JSR: Our board of directors and staff as well as all the Challenger Learning Centers all want to continue to reach students to inspire them with the importance of STEM education and the pursuit of careers with a tremendous shortage in those fields.
Kellee: How did the Star Challengers books come about?
JSR: Introduced through a mutual friend to famous author Kevin Anderson and his wife Rebecca, we explored opportunities to tell the Challenger story and STEM education with real science fiction that would both entertain and teach as well as inspire our youth across the country.
Kellee: As an educator and advocate for children’s education, what do you say to those who don’t believe that NASA and space exploration is beneficial for the future?
JSR: The largest concerns facing us as citizens right now are jobs and the economy. Job and economy growth is the direct outcome of new businesses, products and processes which since the end of World War II were created from our focus and investments in technology, engineering, research and science. And that can only happen when you have a citizenry and workforce with the talent to perform this vital role. Since 50% of all potential future scientists, engineers, technicians and similar key workforce tend to decide by the early age of 10-13 years that they either cannot do it or do not want to, we need to continue to expand our efforts to inspire and engage all of them. Even if they choose not to enter those fields. We need a STEM literate citizenry to ensure we hold the correct values for our society.
Kellee: What do you hope comes from the publication of the Star Challenger books?
JSR: I hope to inspire a whole new generation of “Star Challengers” – young people like our main characters who want to make a difference for our planet and who will reach for the stars no matter their circumstances.
Kellee: How do you hope they are used in the classroom? With children?
JSR: Students are now creating book reports and reading the books for pleasure. It would be terrific if the books could be made available in classroom sets to allow for classroom discussion.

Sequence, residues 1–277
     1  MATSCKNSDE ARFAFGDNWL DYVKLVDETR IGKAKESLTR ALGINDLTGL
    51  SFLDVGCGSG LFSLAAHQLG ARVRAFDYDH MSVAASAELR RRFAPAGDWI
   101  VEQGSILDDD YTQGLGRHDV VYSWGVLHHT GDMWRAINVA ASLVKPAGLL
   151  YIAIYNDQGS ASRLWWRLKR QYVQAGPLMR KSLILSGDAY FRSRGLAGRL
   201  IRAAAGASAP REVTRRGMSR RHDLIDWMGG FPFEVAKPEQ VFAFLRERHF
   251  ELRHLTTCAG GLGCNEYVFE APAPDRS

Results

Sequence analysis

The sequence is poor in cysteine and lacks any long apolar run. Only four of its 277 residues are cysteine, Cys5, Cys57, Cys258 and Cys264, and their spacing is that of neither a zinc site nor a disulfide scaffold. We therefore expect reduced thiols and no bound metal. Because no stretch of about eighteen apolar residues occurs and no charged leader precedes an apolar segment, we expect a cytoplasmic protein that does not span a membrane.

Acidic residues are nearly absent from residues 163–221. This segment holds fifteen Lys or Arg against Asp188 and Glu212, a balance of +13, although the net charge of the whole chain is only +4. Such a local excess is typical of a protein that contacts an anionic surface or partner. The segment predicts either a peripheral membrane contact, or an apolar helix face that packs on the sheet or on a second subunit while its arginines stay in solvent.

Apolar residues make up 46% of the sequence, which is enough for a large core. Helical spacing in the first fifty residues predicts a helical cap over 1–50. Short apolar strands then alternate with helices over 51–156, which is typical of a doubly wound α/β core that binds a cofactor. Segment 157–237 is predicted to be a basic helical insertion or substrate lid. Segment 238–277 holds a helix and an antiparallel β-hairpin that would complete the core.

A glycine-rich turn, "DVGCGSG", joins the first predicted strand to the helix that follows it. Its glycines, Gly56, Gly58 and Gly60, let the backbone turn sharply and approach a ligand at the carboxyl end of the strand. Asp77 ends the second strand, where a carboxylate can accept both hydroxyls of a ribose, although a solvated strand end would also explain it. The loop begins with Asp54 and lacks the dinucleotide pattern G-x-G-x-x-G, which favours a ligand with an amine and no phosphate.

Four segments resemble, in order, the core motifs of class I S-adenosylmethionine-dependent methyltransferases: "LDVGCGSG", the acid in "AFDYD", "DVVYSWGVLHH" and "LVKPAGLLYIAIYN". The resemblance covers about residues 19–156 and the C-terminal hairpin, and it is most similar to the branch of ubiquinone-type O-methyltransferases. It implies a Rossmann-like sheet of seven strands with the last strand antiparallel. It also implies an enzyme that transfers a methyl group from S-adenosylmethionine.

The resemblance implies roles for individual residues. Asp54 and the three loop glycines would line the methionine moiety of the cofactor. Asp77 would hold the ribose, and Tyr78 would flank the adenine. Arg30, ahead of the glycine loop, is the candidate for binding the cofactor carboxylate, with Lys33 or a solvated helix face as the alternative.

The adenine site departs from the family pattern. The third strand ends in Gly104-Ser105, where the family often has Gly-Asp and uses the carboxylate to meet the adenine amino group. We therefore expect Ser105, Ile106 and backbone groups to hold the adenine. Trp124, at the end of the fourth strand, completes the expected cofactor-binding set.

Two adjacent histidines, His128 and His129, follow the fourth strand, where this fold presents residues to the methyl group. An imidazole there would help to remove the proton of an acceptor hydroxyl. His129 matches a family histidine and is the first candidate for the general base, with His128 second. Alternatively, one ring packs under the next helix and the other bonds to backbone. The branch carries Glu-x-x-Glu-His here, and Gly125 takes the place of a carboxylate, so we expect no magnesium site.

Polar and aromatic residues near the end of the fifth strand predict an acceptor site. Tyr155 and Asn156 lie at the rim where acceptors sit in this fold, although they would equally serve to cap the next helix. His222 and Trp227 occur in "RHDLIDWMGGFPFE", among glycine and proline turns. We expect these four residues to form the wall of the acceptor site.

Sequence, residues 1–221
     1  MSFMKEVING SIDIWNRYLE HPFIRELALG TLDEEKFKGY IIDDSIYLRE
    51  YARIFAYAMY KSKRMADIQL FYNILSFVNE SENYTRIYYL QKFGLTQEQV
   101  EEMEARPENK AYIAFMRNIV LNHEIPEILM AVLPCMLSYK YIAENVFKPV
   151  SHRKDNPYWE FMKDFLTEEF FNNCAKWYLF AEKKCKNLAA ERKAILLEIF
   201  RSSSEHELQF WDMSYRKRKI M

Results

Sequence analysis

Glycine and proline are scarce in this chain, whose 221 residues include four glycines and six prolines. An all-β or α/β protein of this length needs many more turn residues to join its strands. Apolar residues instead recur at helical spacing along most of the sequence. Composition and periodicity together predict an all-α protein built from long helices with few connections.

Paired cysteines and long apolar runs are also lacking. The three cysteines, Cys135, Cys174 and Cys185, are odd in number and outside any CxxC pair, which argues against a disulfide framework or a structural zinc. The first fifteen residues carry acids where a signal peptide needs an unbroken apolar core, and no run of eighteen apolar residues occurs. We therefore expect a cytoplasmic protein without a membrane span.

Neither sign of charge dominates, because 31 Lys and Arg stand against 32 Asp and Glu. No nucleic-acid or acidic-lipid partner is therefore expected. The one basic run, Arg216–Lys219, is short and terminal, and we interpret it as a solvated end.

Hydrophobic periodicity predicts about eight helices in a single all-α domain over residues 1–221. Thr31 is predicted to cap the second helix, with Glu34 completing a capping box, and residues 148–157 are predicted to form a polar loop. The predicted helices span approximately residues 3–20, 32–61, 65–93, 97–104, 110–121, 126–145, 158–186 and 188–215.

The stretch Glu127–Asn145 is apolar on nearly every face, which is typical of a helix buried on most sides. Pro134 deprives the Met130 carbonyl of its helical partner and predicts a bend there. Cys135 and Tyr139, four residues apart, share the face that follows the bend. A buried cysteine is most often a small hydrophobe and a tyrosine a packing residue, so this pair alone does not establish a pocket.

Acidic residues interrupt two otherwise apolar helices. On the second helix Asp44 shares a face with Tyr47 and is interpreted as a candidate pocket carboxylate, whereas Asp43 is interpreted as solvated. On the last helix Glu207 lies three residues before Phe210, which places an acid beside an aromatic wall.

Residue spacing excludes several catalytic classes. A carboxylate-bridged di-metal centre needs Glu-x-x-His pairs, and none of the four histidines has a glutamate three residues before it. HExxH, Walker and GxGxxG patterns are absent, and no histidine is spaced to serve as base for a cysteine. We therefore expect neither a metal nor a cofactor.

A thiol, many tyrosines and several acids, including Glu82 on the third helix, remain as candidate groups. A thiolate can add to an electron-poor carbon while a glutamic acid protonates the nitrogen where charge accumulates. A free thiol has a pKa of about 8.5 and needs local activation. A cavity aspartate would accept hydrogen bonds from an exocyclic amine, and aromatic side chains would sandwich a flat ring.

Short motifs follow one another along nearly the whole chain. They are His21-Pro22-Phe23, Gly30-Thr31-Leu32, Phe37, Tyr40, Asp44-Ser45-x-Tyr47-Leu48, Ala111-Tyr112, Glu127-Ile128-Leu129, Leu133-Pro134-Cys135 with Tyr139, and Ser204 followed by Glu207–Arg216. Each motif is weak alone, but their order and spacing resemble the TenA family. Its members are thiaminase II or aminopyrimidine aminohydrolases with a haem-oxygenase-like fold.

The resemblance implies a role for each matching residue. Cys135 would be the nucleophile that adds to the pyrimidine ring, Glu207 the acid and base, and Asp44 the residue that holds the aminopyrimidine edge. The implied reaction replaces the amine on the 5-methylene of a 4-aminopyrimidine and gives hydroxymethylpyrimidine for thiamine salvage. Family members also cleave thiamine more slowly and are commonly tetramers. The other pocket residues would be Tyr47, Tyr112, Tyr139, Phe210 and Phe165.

Kellee: I loved Moon Base Crisis and cannot wait to read the second one- how many books are planned in the series?
JSR: The second book is titled Space Station Crisis, and the third is Asteroid Crisis. We need students to write the follow on books. For example, Mars City Crisis is waiting to be written by an enterprising young person.
**Thank you so much to Ms. Scobee Rodgers for taking part in this interview!**
Links to information about the Challenger Centers and NASA For Educators:
- Currently, there is a search for a young writer to write Mars City Crisis for the Star Challengers series- what would you make the book about?
- If you had the chance to go live on the space station, would you?
We Flagged: “Also,” the commander pointed out, “the Moon is near a quarter of a million miles from Earth, while the speed of our signal – the speed of light – is a mere 186,282 miles per second. Therefore it takes 1.3 seconds for a message to travel from Earth to the Moon, which will produce a noticeable lag when you talk to anyone at Moonbase Magellan.” (p. 26)
“Zota continued as if he hadn’t heard. “Because of the Moon’s lack of atmosphere, walking on its surface will be like stepping out into a hard vacuum Your spacesuit maintains your body’s integrity. If your suit fails, your tissues explode and freeze. We wouldn’t want that now, would we?” The cadets shook their heads.” (p. 37)
Read This If You Loved: Zita the Spacegirl by Ben Hatke, The Softwire by PJ Haarsma, C.H.A.O.S. by Jon S. Lewis, Nonfiction books about space
I think this book is a great resource for the classroom;
I hope you fill find a way to use it!